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Supporting kids who are picky eaters can be stressful. You know they need the good stuff that comes from food, but they won’t take what you’re feeding them. They’ll eat something one day, but the next, they’re acting like you’re the worst caregiver in the world for even considering giving it to them. As with most things, balance is key and things take time. As a parent or guardian, it’s about encouraging kids to listen to their body, explore their preferences, while ensuring they’re being exposed to a variety of foods. And let’s not forget helping set them up to have a good relationship with food as they get older. It’s a lot to juggle. So how do you tackle it all?

First things first, it’s important to remember that for young kids, a lot of food is new. Where you can, you should aim to encourage an exploration of food without fear, avoiding power struggles at mealtimes. When you’re anxious about your kids and food, they’ll feel that anxiety. All too often, this can end in arguments at the dinner table which is no good for anyone. You might also wonder why your kid is particularly picky. According to a 2015 review of dozens of studies that date back to the 1990s that looked at kids’ eating patterns it turns out there are a vast array of reasons why your kid might be fussy about food. They range from personality traits to social influences to maternal eating patterns. Or you could might be being a picky eater because, well, they’re a kid.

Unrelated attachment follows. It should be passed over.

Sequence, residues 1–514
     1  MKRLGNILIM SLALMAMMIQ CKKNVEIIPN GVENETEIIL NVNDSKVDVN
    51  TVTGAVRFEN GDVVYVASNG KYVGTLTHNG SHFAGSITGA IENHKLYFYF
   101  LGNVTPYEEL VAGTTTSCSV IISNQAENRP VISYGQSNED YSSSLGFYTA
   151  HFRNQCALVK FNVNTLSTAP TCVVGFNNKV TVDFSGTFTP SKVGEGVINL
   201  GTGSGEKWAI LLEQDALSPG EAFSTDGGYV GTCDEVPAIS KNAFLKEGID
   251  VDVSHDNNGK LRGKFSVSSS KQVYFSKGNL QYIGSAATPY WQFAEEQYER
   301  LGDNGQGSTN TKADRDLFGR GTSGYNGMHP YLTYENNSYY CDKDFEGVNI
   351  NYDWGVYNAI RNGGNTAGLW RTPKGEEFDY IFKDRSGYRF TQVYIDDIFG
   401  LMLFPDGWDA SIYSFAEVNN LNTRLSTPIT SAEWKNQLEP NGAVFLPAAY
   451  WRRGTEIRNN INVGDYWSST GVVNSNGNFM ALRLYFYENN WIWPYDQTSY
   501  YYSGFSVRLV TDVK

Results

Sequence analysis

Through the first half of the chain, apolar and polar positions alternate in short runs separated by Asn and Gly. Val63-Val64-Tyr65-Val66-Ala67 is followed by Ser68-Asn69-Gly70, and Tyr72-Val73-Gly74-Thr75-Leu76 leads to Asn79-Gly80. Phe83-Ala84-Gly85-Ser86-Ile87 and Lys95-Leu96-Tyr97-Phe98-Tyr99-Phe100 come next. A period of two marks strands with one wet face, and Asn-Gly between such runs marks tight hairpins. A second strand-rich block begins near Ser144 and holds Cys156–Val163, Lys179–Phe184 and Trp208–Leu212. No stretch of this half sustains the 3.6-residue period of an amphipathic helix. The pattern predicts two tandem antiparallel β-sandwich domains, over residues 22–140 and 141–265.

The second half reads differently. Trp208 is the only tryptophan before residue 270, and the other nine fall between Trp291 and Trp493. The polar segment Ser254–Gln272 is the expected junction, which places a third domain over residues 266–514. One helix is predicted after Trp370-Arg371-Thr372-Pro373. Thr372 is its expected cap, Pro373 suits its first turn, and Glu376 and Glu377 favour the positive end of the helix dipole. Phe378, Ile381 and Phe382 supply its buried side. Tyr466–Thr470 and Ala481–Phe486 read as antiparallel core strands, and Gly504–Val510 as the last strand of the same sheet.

But there are a few tips (which can be introduced at any age) which might help make things a bit easier for the picky eaters in your life. Whichever of these tips you try, go slowly. Add them in in a way that works for you both.

 

Offer new foods

If you’re trying to help your child expand their palate, introducing new foods consistently is key. But we’re going to use that word balance again. Because too much too soon is a sure fire way to overwhelm your kid. And if they’re overwhelmed, they’re not going to engage in the process. If you want to introduce something new, try adding it in with a firm favourite. When mac and cheese is flavour of the month, try popping a bit of broccoli alongside it on the plate without making too much of a fuss about it. If burgers are tickling their tastebuds, see if you can add some sweet potato fries in next to their regular chips.